Acne vulgaris is one of the most common inflammatory dermatoses and is seen in both the hospital setting and in general practice. Multiple factors are involved in the pathophysiology of acne, including: an alteration in the pattern of keratinization within the pilosebaceous follicles resulting in comedone formation; an increase in sebum production which is influenced by androgens; the proliferation of Propionibacterium acnes; and the production of perifollicular inflammation. Genetic and hormonal factors may also contribute to acne. Better understanding of the pathophysiology of the disease has led to the development of novel therapies which are directed at one or more of the implicated etiologic factors.
Systemic antibiotics for acne have been the mainstay of treatment for many years. The main cause for concern following the use of systemic antibiotics is the emergence of antibiotic-resistant strains of P. acnes. Concomitant use of non-antibiotic therapies such as benzoyl peroxide helps to decrease the occurrence of resistance and can be effective in the treatment of resistant and nonresistant propionibacterial strains. However, no one agent is able to eradicate resistant strains completely and as resistant strains correlate to poor clinical response to therapy, prescribing strategies are required to minimize the occurrence of resistance to P. acnes.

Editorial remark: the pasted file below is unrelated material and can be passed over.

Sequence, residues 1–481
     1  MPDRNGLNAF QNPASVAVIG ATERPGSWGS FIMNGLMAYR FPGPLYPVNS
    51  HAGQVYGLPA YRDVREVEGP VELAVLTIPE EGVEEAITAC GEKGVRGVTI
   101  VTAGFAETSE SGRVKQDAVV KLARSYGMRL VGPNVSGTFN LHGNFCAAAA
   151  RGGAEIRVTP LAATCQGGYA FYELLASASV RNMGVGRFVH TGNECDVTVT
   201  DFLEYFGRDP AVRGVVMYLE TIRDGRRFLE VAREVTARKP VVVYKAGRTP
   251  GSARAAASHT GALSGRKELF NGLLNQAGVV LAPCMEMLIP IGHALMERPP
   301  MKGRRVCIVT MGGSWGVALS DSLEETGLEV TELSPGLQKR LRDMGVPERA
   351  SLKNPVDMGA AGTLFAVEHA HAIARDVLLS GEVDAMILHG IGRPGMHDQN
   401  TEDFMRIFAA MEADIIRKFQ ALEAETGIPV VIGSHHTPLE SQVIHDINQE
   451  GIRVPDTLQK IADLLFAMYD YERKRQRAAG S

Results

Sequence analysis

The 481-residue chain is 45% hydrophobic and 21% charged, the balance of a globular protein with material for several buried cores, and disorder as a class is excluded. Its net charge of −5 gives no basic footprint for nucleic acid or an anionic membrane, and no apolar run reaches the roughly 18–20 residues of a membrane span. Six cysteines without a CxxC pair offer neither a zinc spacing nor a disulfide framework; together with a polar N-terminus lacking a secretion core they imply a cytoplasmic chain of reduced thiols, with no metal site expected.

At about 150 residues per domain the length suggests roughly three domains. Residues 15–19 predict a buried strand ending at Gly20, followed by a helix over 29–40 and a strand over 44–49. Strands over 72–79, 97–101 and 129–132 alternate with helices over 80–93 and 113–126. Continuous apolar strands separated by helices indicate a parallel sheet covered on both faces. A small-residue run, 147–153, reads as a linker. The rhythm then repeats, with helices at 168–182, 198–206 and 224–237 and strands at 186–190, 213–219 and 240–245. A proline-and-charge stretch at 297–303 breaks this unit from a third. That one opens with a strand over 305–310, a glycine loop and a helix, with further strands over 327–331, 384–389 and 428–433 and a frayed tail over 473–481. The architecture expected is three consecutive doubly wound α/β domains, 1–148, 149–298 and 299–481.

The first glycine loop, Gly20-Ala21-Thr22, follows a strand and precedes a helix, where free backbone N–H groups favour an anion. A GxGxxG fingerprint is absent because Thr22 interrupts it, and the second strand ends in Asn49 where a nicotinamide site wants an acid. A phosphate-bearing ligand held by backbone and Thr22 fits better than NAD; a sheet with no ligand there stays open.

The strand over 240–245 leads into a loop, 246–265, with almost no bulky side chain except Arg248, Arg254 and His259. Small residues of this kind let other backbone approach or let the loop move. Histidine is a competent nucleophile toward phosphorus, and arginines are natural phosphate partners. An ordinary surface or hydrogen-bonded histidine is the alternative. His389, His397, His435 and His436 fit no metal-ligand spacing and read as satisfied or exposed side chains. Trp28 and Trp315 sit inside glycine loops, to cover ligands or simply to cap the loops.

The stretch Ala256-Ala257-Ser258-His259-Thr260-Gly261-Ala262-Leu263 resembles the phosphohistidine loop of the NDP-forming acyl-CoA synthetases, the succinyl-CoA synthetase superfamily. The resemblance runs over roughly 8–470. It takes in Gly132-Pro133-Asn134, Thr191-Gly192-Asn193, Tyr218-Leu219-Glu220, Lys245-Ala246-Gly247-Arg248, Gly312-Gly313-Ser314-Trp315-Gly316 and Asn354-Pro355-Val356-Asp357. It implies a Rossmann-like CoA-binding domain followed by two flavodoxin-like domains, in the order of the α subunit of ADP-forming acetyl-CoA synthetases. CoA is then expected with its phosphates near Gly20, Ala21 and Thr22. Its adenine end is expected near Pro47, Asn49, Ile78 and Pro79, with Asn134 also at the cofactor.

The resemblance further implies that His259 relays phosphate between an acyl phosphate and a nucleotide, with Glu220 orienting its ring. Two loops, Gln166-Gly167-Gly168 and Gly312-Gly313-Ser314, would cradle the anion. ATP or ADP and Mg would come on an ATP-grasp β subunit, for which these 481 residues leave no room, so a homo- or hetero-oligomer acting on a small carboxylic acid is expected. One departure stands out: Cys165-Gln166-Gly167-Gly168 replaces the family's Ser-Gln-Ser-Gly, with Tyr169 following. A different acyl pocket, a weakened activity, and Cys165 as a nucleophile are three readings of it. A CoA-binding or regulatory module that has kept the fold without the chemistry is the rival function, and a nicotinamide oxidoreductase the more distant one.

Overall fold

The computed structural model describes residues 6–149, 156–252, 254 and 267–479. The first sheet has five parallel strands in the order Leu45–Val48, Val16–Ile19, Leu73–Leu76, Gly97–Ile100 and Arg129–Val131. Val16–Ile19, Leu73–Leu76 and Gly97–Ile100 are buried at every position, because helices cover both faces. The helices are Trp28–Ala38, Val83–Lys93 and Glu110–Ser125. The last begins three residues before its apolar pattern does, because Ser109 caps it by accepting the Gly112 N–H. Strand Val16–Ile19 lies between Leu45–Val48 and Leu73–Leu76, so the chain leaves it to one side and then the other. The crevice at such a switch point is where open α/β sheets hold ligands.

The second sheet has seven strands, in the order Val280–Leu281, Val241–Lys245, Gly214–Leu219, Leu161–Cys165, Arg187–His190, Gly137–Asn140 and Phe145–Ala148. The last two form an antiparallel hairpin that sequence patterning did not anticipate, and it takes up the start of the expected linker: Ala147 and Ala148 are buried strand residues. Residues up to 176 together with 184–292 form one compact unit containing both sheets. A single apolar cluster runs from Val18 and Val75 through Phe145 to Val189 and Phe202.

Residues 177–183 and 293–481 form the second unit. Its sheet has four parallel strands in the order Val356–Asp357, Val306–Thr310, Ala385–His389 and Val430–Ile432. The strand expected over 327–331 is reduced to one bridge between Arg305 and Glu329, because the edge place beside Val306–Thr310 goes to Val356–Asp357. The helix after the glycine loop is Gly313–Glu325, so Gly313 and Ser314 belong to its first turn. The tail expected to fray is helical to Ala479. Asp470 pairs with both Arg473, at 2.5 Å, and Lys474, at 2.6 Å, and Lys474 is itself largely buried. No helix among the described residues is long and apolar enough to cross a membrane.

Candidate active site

When assessing acne it is important to take an all embracing approach and to examine carefully for both the clinical and psychologic effects of the disease process. There are numerous forms of acne scarring and it is important to be aware of these as patients who are developing scarring merit early effective therapy. Some patients with acne will develop psychologic problems as a consequence of their condition. Even mild to moderate disease can be associated with significant depression and suicidal ideation and psychologic change does not necessarily correlate with disease severity. Acne scars themselves have been shown to produce significant psychopathology.
When initiating treatment it is important to consider the aims of therapy. Treatment should be aimed at achieving clearance of acne, prevention of scarring and, where necessary, relief from any psychologic stress resulting from the acne. Therapy should be commenced early in the disease process in order to prevent scarring and it is important to select appropriate therapies according to the clinical signs and psychologic disability. It is also important to ensure that the patient is able to comply with therapy and clear guidelines regarding treatment, possible adverse effects and realistic expectations should be provided.
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